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Who should the Miami Heat choose with their 2017 draft pick?

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The emergence of nonathletic candidates, such as Stephen Curry and James Harden, for MVP may cause teams to evaluate the 2017 talent pool in a different light.

NBA: Charlotte Hornets at Miami Heat Steve Mitchell-USA TODAY Sports

Chad Ford likes Miles Bridges as a draft choice for the Miami Heat in 2017.

The Heat would love to add a potential star like [Lonzo] Ball or [Markelle] Fultz to the mix, but if they can’t, some scouts feel Bridges is the most underrated player in this class.

He’s strong, athletic and versatile with the ability to rebound and shoot the 3. He’d be a great long-term fit in Miami.

James Harden has a different notion of athleticism, per the Wall Street Journal article “James Harden’s Secret Talent Is Slowing Down.”

Athleticism, for me, is not being able to jump the highest or run the fastest. It’s being able to control it. If you’re not able to control it, you’re just a loose cannon. I’m athletic in my own way.

Credit: Wall Street Journal

What he’s able to do is create separation for a clean look at the basket. Even Kobe Bryant emphasizes the most important part of scoring lies in preparing for a high-percentage opportunity. His shots fell in as a result of his careful planning for them before he even attempted one.

The first thing I want to do is try to create space.

I’m jabbing just to create space.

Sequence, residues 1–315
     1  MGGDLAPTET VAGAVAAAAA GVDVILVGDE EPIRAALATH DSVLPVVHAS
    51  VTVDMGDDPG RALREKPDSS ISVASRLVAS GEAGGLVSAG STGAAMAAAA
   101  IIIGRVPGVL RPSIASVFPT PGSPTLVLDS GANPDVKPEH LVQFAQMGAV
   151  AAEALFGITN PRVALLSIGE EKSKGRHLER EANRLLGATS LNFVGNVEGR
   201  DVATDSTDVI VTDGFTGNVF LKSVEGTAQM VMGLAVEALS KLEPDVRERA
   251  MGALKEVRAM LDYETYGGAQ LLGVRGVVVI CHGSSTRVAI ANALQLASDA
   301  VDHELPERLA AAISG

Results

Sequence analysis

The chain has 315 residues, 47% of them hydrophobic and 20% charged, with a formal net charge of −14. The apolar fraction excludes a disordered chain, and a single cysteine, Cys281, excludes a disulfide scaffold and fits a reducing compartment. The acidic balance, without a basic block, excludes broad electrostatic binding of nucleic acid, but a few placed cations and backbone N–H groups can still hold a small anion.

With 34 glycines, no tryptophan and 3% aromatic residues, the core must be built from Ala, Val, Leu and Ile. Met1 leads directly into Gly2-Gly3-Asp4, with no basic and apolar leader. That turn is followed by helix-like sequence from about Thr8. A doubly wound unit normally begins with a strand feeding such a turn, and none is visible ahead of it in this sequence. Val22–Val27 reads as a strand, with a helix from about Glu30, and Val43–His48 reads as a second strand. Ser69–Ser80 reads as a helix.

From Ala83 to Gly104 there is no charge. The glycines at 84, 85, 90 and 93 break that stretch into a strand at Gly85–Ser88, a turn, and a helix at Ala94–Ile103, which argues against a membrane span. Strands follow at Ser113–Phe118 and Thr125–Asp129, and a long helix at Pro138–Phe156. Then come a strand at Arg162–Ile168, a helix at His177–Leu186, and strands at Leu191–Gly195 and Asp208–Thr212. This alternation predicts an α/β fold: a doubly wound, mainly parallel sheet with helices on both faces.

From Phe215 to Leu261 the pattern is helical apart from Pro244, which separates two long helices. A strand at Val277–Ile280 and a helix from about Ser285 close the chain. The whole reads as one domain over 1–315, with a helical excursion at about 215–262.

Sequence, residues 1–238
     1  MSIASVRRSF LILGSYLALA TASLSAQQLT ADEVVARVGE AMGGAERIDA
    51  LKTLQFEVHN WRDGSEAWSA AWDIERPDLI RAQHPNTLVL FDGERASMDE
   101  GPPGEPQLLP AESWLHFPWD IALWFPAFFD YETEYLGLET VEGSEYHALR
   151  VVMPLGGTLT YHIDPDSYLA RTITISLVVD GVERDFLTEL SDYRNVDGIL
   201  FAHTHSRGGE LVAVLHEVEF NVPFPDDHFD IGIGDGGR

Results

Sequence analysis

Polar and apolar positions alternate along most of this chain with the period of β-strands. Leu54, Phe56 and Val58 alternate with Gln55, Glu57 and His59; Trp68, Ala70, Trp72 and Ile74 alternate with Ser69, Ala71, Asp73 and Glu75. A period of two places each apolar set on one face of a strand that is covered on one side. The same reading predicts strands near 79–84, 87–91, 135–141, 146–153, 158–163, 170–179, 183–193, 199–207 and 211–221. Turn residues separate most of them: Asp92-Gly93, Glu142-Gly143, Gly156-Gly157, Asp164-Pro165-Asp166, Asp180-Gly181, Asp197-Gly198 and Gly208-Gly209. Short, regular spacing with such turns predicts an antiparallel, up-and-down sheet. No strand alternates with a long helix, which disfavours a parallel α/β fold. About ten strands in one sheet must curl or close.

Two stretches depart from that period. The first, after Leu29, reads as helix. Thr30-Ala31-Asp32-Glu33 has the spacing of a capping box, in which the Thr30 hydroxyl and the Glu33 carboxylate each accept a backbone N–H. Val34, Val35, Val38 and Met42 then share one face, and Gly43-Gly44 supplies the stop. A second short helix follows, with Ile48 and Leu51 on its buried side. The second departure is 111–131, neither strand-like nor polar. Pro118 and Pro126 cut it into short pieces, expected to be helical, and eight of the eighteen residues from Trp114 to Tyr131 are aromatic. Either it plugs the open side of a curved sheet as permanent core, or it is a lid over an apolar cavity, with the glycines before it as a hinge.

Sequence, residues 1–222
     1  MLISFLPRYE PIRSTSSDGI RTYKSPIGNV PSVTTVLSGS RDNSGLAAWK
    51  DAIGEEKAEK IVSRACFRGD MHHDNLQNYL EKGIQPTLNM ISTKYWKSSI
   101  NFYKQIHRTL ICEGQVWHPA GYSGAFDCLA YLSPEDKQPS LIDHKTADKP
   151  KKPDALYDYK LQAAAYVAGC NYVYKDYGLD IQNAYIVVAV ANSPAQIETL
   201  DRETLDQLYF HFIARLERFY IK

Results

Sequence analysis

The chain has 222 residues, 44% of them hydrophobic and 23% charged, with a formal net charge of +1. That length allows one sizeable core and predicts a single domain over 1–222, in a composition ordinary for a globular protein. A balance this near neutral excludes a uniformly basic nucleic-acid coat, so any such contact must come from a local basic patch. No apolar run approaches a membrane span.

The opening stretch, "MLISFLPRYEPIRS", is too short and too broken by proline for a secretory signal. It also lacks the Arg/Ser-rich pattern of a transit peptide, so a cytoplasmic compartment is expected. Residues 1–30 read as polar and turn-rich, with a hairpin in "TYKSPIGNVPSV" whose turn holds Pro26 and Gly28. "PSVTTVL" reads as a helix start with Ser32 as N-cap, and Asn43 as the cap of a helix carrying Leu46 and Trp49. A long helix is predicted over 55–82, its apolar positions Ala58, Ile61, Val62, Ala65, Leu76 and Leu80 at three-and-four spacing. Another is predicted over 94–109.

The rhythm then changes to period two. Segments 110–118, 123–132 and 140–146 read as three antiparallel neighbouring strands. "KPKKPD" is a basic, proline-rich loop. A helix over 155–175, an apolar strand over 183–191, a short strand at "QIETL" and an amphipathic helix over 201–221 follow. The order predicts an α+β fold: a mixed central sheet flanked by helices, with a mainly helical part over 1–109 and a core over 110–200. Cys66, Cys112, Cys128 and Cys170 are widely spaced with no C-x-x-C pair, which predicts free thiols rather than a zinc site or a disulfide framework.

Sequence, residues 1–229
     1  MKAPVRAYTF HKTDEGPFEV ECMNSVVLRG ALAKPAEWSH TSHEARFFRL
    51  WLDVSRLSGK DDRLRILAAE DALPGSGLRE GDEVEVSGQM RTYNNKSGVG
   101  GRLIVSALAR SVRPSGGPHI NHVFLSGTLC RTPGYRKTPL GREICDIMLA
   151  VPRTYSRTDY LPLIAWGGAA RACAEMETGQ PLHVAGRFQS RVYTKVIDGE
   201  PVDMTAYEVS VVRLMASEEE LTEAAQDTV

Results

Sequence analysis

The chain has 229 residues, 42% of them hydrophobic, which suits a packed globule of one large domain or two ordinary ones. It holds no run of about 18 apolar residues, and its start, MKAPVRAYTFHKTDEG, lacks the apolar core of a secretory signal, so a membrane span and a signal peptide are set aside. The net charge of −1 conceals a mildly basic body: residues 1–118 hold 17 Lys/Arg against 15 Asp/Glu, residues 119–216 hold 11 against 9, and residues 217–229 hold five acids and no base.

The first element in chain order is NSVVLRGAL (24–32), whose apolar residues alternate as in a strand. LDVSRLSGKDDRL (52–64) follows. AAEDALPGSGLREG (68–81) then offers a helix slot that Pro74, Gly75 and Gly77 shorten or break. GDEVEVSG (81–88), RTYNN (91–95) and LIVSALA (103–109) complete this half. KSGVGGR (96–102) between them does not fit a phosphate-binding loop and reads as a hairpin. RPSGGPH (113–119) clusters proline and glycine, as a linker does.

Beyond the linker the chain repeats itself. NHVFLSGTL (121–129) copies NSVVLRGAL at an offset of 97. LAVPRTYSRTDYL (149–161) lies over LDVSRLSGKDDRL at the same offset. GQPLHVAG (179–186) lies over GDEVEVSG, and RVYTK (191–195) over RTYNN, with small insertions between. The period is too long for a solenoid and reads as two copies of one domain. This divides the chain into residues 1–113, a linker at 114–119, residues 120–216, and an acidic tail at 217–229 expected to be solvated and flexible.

Kobe’s observation on overly active defenders:

He thinks he’s playing great defense. He thinks he’s got you now. The only thing left for him to do to make the highlight is to block the shot.

Michael Jordan doesn’t practice just shooting the ball, but first reading defenders and laying the groundwork for a score. The bucket the last step in the process.

Dion Waiters carefully prepares for his 3-point shots by creating separation. Notice versus the Hornets, on his last attempt, Waiters doesn’t catch-and-shoot, but swings his elbows to shake free from his defender for separation.

Whether the technique is through passing, setting screens, fast-break opportunities, or individual skills, the Miami Heat have managed to up their production to where they lead the NBA as the only team with a double-digit +11 figure in the +/- ranking since the All-Star break.

Miles Bridges may be athletically gifted, but dunking doesn’t display the ability create space for himself or his teammates the NBA demands.

The new NBA prizes creativity and a high basketball IQ, along with the raw athletic talent of youth. We’ll see how the Miami Heat respond to the new reality in the choices they make this summer.

The successes of James Johnson and Waiters might have other discontented free agents looking towards Miami as home and sign below market-value contracts. Who the Heat pick in the draft could be dictated by who returns from this year’s squad and who else will be available on trade or free-agent market.

Harden was a non-factor in 2012 versus the Heat due to his lack of experience. Draft picks spend their first few seasons learning how play versus grown men, instead of other college kids. Pat Riley takes into account that draftees, in general, won’t have a significant impact until they get a handle on the NBA games.

In Justise Winslow’s draft class Devin Booker has been an impact player since his second season, yet he was a 13th pick. Not the most athletic guy, Booker fits the model of today’s NBA rising stars. Perhaps Miami might luck out with an overlooked teenager, who doesn’t have an ultra-athletic prodile.

Drafting a loose cannon like Lance Stephenson wouldn’t look good, no matter how much hops he brings to the game.